What is 'Bean Dad?' Ken Jennings and John Roderick Twitter Controversy Explained

Ken Jennings has defended his Omnibus podcast co-host, musician John Roderick, amid a viral Twitter scandal that has seen Roderick criticized and dubbed "Bean Dad."

Roderick caused a stir on Twitter on Sunday when he said he wouldn't let his nine-year-old daughter eat until she figured out how to use a can opener to open a can of beans on her own.

In a now-deleted Twitter thread, (Roderick has since deleted his account), the father says while he was doing a jigsaw puzzle, his daughter told him she was hungry. Roderick told her to make some beans, and when she asked how, he told her to "open a can and put it in a pot."

His daughter asked how to open the can of beans and Roderick said he realized he had never taught her how to use a can opener, saying: "What kind of apocalypse father doesn't teach his kid to use a manual can opener?"

Roderick said in the Twitter thread that he saw the situation as a "Teaching Moment" and encouraged his daughter to "figure out what the can-opener inventor was thinking when they tried to solve this problem," despite saying that "spatial orientation, process visualization and order of operation are not things she... intuits."

Tins of Baked Beans
Tins of Heinz baked beans stacked on a shelf in a supermarket on October 13, 2017, in Cardiff, United Kingdom. John Roderick has been dubbed "Bean Dad" as his Twitter thread in which he described how he made his nine-year-old daughter struggle to open a can of beans for six hours went viral. Matthew Horwood/Getty

"Bean Dad" told his daughter that neither of them would eat anything until they got into the can of beans. Roderick said on Twitter that in the end, his daughter had been trying to open the can of beans on and off for six hours and that she had been frustrated, crying, and hungry during this time.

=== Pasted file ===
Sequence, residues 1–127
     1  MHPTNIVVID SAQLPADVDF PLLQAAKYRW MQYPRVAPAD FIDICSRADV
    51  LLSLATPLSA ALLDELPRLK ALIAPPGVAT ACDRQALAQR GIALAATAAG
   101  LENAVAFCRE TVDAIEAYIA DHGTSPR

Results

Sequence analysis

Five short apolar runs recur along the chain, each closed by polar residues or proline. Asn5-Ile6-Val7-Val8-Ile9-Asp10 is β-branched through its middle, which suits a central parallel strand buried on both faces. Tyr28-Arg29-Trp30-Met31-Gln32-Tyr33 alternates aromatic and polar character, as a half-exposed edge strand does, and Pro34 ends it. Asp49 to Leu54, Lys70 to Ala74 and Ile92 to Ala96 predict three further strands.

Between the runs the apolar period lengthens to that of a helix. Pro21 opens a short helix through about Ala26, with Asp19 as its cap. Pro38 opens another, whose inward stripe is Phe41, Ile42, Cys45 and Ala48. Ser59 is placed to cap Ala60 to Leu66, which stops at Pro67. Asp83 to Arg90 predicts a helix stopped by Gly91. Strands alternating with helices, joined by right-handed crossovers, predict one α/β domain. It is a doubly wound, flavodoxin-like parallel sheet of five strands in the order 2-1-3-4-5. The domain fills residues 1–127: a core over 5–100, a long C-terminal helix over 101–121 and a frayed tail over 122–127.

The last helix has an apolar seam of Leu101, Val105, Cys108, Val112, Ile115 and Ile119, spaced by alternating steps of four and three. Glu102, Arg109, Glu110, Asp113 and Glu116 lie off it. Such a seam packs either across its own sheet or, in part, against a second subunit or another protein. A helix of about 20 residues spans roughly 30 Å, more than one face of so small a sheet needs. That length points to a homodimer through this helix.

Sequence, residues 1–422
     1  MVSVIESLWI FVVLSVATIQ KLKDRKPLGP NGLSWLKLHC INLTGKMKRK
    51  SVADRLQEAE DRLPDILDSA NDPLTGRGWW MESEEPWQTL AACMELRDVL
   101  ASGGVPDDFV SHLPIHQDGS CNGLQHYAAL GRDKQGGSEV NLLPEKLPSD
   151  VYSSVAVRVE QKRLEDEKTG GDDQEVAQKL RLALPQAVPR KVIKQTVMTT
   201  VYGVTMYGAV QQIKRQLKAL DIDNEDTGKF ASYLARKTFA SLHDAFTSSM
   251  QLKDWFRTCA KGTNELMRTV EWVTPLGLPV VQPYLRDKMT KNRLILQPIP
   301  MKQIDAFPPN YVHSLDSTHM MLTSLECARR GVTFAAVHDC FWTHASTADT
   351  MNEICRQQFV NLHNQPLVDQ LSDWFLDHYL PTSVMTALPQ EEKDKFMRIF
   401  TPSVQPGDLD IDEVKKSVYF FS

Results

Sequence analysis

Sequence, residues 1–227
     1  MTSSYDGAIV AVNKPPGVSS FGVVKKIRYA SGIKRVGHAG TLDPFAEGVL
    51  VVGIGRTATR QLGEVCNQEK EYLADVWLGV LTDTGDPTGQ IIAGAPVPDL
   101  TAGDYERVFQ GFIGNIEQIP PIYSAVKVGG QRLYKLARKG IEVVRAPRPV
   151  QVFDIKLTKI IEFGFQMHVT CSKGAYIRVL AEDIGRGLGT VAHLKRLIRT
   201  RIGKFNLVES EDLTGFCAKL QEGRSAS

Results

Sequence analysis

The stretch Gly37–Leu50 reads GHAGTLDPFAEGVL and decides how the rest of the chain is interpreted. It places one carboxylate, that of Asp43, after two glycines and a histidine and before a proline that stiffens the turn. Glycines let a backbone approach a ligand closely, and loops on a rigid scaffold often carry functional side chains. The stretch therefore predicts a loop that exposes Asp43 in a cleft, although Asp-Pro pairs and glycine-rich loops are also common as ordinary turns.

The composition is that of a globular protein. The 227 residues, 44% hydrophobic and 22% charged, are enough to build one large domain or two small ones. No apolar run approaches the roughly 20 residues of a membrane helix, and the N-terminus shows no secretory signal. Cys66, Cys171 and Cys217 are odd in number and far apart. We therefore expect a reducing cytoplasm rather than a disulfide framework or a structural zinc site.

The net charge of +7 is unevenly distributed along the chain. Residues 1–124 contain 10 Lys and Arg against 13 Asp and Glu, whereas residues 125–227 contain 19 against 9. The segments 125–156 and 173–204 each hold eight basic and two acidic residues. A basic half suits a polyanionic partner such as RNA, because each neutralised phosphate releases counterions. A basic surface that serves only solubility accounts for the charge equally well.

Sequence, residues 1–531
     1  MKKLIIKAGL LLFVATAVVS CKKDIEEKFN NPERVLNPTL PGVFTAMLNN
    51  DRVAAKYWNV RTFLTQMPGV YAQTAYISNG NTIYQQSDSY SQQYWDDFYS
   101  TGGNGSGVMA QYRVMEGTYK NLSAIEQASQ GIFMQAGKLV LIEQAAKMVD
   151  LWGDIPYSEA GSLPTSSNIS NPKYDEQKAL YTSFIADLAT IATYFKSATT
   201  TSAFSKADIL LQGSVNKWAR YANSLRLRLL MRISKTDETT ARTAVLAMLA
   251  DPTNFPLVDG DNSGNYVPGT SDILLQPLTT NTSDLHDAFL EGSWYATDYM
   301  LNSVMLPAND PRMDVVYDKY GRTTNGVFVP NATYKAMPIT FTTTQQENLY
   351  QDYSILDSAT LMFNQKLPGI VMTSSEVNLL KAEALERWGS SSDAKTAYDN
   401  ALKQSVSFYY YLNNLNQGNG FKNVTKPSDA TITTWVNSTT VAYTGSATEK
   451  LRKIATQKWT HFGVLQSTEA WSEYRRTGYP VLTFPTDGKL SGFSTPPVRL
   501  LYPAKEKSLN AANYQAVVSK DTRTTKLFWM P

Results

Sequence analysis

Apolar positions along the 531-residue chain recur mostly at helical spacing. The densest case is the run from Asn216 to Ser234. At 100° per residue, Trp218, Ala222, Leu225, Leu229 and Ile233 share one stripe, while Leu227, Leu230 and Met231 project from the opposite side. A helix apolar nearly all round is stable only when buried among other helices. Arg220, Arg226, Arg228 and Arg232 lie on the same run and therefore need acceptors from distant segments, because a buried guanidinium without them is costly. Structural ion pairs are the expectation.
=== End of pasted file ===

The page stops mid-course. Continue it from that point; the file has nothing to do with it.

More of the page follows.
Eventually, his daughter figured out how to turn the can, but did not know how to puncture the lid, of which Roderick said: "I'd forgotten how finicky the tool really is, particularly when it comes to the puncture."

Once Roderick's daughter finally managed to open the can, "Bean Dad" said he was proud of her and said: "I know I'm infuriating. I know this is parenting theatre in some ways," and that he wanted to correct his own lack of perseverance in how he educates his child.

However, Roderick came under fire on Twitter for not helping his daughter with the can opener and for not feeding her for what he suggested was six hours after she said that she was hungry.

Among the trending topics on Twitter yesterday were: "Bean Dad," "She's 9," and "Six Hours," as social media users weighed in on the controversy. There are more than 147,000 tweets containing the phrase "Bean Dad" at the time of writing.

Roderick faced criticism as Twitter users were baffled and appalled by how he treated his daughter, with many saying he should have helped her, and should not have let her stay hungry.